To advise and accompany them, these managers required the help of other professionals: the consultants.
The emergence of consulting as an industry
The history of consulting is closely related to the professionalization of management and the emergence of a new class of managers in large corporations. But there was one specific political decision that provided consultants with a unique opportunity to turn their business into a mass industry.
In 1890, the US Congress created our modern competition law when it passed the Sherman Act. Sherman was a Senator from Ohio who believed that the growing power of monopolies had to be curtailed. The act that bears his name was the first of a series of acts and court decisions aimed at protecting consumers against the predatory behavior of all too powerful corporations. The 1911 Standard Oil v. United States Supreme Court decision would complete what Sherman had started: it would dismantle John D. Rockefeller’s sprawling oil empire.
“The law attempts to prevent the artificial raising of prices by restriction of trade or supply. “Innocent monopoly”, or monopoly achieved solely by merit, is perfectly legal, but acts by a monopolist to artificially preserve that status, or nefarious dealings to create a monopoly, are not. The purpose of the Sherman Act is not to protect competitors from harm from legitimately successful businesses, nor to prevent businesses from gaining honest profits from consumers, but rather to preserve a competitive marketplace to protect consumers from abuses.” (Wikipedia)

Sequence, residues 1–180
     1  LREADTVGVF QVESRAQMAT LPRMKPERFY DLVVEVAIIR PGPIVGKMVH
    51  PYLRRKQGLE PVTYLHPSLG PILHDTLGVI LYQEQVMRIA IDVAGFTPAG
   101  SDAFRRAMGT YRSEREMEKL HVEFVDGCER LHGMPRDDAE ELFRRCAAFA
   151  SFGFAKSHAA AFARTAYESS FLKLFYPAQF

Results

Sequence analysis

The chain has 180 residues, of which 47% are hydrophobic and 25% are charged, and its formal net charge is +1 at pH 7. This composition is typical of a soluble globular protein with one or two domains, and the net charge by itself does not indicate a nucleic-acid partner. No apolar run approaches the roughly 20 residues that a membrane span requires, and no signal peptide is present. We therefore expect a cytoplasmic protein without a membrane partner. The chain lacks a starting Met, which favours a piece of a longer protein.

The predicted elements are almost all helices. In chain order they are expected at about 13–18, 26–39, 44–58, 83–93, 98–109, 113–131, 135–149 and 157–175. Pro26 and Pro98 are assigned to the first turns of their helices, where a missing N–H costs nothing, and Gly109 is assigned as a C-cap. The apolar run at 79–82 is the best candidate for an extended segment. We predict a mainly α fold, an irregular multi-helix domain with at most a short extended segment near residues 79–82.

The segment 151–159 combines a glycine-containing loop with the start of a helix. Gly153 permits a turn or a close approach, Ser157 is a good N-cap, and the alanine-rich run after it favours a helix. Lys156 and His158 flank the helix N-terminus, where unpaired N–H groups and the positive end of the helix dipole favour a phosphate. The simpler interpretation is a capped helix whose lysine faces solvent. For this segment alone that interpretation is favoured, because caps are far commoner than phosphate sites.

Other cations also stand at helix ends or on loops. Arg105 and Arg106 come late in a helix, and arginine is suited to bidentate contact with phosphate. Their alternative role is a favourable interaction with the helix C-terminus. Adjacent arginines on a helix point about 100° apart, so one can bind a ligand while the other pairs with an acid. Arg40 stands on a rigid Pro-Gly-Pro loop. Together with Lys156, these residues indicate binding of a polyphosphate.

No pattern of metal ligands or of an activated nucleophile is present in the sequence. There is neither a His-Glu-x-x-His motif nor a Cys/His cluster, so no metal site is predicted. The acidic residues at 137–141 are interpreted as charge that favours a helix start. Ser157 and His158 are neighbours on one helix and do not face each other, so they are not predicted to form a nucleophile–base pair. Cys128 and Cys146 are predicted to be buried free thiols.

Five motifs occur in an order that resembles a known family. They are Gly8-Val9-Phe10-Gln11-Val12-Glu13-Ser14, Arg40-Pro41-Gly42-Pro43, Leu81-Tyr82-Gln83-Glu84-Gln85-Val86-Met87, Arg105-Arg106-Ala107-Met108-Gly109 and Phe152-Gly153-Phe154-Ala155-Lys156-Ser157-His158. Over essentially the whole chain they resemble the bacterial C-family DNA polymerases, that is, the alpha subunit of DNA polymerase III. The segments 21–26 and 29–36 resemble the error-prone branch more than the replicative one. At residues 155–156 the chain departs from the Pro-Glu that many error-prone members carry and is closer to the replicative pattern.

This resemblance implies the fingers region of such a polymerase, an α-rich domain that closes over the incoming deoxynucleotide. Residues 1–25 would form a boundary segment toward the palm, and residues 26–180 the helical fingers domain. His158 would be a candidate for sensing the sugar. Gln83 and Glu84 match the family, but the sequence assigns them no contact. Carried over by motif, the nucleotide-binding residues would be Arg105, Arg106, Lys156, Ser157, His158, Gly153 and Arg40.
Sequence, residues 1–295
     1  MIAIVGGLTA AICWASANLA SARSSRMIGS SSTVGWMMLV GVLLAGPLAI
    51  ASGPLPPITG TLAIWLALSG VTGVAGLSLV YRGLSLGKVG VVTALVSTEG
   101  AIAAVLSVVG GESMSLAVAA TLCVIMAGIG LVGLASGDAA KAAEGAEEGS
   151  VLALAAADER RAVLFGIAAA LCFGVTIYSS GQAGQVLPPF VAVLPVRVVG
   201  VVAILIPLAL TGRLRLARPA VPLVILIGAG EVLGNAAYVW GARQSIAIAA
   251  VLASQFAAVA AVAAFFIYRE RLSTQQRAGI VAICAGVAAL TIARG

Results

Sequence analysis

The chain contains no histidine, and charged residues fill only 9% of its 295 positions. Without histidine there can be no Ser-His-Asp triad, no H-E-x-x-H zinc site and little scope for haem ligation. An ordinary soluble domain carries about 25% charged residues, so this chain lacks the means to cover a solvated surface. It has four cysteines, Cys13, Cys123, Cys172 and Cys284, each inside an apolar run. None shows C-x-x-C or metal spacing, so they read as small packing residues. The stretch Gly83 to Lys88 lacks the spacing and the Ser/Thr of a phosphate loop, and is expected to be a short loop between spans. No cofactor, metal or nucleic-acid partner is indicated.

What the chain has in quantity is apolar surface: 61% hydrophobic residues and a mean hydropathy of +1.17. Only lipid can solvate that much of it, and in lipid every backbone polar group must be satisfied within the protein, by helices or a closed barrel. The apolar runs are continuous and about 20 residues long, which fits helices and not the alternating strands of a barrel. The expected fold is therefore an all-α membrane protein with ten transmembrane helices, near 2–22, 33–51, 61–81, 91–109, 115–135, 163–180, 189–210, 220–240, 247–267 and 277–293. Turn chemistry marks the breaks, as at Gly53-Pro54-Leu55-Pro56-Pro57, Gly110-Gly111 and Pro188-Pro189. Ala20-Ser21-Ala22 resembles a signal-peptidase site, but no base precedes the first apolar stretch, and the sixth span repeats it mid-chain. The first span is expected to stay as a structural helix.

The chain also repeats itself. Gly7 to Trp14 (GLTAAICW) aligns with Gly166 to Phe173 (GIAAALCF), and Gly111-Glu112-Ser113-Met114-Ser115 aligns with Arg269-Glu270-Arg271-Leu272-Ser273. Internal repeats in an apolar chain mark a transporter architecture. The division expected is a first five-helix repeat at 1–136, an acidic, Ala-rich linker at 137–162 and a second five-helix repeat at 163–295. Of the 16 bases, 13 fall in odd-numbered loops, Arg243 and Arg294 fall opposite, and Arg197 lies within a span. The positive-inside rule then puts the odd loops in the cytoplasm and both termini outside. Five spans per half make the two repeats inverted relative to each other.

As price fixing and market manipulation became a lot less easy, companies actually had to compete with one another, i.e. to produce better products and more efficiently than the competition. There was the unique opportunity for consultants, who were best positioned to help companies improve their processes and become more competitive. This was the beginning of a symbiotic relationship between managers and consultants.
Process thinking became an art. Consultants could reengineer a company’s processes, i.e. redefine and restructure its processes to make it more efficient, streamline its production to minimize costs and bring products to market in a more timely manner. Management consulting became a well-respected technical profession.
The era of managerial capitalism had begun. In the 20th century mass economy, efficiency was key. It was the result of the alliance between managers and consultants. Managers also needed consultants to legitimize their decisions.
Consultants created powerful tools to help streamline companies. These tools were transferable and replicable. For example, McKinsey’s General Online Survey was created to serve as a clear roadmap for the young consultants who joined the firm. Its role cannot be underestimated.